Review: The Curious Case of the Dog in the Night-Time

Curious Incident of the Dog in the Night-Time, The Ethel Barrymore Theatre

Spectacular and marvelously fresh and inventive, The Curious Incident of the Dog in the Night-Time explores the mind of an incredibly intelligent but socially inept young man with what seems like high-functioning autism or Asperger’s. When the neighbor’s dog is killed with a pitchfork – or a “garden fork” as they call it in this British import – 15-year-old Christopher sets about finding out who did the dastardly deed, with unexpected results. This is based on a popular young adult novel, so everything turns out for the best in the end, even if we get to some decidedly uncomfortable places in the middle.

Director Marianne Elliott has fashioned staging for Curious Incident that is relentlessly, busily ingenious – even as it successfully tells a very human story. Against designer Bunny Christie’s austere black-and-white grid, video designer Finn Ross composes rich and varied moving images, exploding the grid’s rigid order. The video and set really take off in the second act, as the frantic chaos of London’s transportation system shocks the hypersensitive Christopher.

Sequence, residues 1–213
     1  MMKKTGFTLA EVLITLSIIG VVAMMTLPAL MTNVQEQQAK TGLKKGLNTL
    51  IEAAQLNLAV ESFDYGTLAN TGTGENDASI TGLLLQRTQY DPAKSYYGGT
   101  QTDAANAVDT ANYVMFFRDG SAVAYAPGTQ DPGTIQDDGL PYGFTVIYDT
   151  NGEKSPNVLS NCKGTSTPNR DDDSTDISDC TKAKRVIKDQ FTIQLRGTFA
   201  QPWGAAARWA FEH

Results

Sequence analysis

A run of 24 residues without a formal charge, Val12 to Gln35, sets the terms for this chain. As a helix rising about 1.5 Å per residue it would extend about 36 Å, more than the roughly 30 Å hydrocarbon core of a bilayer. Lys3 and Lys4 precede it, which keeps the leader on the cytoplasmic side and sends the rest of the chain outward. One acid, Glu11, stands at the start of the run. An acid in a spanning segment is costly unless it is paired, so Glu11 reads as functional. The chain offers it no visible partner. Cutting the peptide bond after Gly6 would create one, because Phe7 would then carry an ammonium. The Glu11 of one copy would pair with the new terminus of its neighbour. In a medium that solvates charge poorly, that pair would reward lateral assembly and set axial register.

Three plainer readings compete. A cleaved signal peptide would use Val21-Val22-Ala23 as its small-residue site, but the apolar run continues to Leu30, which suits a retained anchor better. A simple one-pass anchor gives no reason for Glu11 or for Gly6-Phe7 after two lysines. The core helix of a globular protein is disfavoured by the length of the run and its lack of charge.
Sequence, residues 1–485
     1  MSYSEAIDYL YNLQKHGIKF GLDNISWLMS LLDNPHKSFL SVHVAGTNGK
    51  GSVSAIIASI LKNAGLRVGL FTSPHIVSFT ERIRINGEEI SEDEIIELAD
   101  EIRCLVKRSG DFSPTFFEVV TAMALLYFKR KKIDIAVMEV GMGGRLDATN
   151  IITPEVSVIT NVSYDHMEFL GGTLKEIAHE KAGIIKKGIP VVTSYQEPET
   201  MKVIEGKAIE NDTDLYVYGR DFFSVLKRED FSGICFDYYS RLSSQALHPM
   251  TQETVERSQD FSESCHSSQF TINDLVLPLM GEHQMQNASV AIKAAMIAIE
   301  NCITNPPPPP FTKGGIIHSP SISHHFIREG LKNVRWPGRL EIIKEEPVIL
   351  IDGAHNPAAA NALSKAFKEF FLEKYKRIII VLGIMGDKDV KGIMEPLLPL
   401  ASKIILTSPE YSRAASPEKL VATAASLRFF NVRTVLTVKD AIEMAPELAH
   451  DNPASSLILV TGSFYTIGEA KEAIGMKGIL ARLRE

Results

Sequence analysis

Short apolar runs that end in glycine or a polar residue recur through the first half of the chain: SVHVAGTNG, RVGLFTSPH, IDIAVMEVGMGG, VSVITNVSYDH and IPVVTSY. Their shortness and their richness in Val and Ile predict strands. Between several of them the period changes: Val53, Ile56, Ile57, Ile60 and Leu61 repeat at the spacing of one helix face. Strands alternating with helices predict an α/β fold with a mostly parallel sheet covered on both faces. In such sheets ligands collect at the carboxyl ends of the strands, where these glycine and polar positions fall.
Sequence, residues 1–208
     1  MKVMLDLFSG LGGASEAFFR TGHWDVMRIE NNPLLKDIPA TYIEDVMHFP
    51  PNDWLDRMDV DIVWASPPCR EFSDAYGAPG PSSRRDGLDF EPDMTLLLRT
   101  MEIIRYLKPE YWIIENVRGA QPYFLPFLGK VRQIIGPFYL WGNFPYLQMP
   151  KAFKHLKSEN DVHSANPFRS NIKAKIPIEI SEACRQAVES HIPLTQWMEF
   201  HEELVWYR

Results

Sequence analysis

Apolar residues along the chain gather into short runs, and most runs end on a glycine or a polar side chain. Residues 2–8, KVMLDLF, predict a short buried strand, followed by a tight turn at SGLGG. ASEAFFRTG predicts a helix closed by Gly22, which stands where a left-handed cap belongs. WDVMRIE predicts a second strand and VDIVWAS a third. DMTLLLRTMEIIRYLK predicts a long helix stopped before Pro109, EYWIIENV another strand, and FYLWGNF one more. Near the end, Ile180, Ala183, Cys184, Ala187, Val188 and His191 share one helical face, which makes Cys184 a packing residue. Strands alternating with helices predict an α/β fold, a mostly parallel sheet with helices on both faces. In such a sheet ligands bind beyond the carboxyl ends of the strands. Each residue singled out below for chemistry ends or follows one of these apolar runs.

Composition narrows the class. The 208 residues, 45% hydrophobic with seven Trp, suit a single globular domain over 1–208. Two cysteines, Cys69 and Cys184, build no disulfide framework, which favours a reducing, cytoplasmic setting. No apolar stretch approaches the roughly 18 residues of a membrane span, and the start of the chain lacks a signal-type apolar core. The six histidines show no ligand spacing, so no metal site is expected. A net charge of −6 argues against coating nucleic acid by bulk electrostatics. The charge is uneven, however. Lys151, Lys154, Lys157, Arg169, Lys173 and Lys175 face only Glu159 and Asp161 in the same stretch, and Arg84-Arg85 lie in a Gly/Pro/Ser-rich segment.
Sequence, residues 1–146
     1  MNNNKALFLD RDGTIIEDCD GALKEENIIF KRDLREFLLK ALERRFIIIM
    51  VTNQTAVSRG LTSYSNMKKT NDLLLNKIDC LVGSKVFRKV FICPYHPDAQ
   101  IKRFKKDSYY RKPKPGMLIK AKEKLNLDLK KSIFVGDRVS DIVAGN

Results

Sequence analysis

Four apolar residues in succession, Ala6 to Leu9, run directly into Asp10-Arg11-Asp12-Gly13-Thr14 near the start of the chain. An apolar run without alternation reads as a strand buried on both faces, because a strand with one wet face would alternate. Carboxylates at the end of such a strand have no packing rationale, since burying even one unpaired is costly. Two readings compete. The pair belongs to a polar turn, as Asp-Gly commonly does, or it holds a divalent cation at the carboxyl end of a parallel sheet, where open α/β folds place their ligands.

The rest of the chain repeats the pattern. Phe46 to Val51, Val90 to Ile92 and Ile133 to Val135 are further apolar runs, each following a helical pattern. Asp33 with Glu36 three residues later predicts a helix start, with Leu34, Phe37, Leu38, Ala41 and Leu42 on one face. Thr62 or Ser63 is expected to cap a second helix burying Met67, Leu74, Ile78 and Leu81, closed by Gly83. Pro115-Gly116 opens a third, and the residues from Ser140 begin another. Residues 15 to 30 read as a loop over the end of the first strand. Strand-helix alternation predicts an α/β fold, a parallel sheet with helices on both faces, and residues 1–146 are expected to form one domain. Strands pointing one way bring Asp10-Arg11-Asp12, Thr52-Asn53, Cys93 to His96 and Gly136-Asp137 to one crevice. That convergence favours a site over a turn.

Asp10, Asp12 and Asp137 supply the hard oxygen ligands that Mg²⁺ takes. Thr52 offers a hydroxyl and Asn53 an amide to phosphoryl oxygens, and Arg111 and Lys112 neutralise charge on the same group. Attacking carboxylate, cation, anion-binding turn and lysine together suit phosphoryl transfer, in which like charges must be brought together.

But all of this would be for naught if it weren’t for dramatist Simon Stephens’s briskly energetic adaptation of Mark Haddon’s novel, and especially for Alex Sharp’s remarkable performance as Christopher. Sharp’s quirky body language and clipped vocal delivery eloquently conveys the truth of a boy whose inner life isn’t in line with ordinary psychology – while remarkably tugging at our sympathies at every possible turn.

All in all, a truly phenomenal and invigorating evening in the theatre. Highly recommended.

For tickets, click here.

To learn about Jonathan Warman’s directing work, see

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